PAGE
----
"The spike in asthma attacks in the fall, which is associated with colds and other viral airway infections, disappeared in the kids in the omalizumab group," says William Busse, M.D., the principal investigator of ICAC and professor of medicine at the University of Wisconsin-Madison. "Because the drug specifically targets IgE, which is the antibody responsible for allergies, our observations show the possible interplay between allergies, respiratory viruses and IgE in provoking asthma attacks."
Children and adolescents who responded the best to omalizumab had positive skin tests for cockroach allergy and high levels of cockroach allergen in their homes. In previous work by NIAID-supported researchers, the combination of cockroach allergy and exposure to cockroaches was found to be an important cause of asthma-related illness and hospitalization.
Omalizumab is a humanized monoclonal antibody, a pure form of a single protein, custom-made for use in humans, which binds to and blocks the activity of IgE, an important molecule in allergy. When allergens bind to IgE on the surface of certain immune cells, these cells release substances that cause allergic reactions. In the airways, these substances trigger the muscles to contract, trapping air inside the lungs and causing difficulty breathing.
“We continue searching for therapeutic strategies to reduce the enormous burden of asthma. Following on the findings reported here, ICAC studies now under way will help us to determine if adding omalizumab only during the period before fall seasonal asthma symptoms occur, rather than throughout the year, results in the same successful disease management,” says Daniel Rotrosen, M.D., director of NIAID's Division of Allergy, Immunology and Transplantation, which oversees the ICAC program.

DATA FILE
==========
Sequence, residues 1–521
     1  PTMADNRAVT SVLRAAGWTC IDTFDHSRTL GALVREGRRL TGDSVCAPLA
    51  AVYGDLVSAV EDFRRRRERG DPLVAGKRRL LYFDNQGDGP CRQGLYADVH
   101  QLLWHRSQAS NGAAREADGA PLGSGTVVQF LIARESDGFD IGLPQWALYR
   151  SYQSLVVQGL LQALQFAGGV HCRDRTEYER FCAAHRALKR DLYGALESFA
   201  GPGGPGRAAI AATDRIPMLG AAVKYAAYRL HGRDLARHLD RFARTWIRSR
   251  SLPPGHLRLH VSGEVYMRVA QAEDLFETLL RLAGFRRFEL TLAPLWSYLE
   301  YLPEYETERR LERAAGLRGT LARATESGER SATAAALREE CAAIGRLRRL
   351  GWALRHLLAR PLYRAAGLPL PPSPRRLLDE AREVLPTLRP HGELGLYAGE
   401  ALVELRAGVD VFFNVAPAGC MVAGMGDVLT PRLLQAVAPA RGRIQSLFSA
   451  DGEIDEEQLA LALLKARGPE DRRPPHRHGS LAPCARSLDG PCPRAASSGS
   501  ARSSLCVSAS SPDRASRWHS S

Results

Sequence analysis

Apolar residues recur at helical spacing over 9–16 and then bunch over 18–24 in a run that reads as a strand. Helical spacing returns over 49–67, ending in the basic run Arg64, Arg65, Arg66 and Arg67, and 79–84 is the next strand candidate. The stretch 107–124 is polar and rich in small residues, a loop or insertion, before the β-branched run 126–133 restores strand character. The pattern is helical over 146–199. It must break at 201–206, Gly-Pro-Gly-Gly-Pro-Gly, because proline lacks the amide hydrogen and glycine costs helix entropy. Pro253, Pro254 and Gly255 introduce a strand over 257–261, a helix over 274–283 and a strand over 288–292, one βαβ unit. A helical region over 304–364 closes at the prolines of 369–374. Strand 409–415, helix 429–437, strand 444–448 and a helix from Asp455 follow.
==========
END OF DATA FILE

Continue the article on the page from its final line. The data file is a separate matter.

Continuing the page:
Omalizumab is approved in the United States for patients ages 12 and older with moderate to severe persistent allergic asthma. The drug is jointly developed by Genentech Inc., a member of the Roche group, under an agreement with Novartis Pharma AG. Patients who are interested in adding omalizumab to their current asthma treatment should speak with their health care professional. For more information about omalizumab, visit www.xolair.com .
The NIH Guidelines for the Diagnosis and Management of Asthma can be viewed or downloaded at www.nhlbi.nih.gov/guidelines/asthma/.
The National Center for Research Resources (NCRR), a part of NIH, provides laboratory scientists and clinical researchers with the resources and training they need to understand, detect, treat and prevent a wide range of diseases. NCRR supports all aspects of translational and clinical research, connecting researchers, patients and communities across the nation. For more information, visit www.ncrr.nih.gov.
NIAID conducts and supports research—at NIH, throughout the United States, and worldwide—to study the causes of infectious and immune-mediated diseases, and to develop better means of preventing, diagnosing and treating these illnesses. News releases, fact sheets and other NIAID-related materials are available on the NIAID Web site at www.niaid.nih.gov.
About the National Institutes of Health (NIH): NIH, the nation's medical research agency, includes 27 Institutes and Centers and is a component of the U.S. Department of Health and Human Services. NIH is the primary federal agency conducting and supporting basic, clinical, and translational medical research, and is investigating the causes, treatments, and cures for both common and rare diseases. For more information about NIH and its programs, visit www.nih.gov.
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WW Busse et al. A randomized trial to evaluate the impact of the addition of omalizumab to guidelines based therapy of inner-city children and adolescents with asthma. New England Journal of Medicine. DOI: 10.1056/NEJMoa1009705 (2011).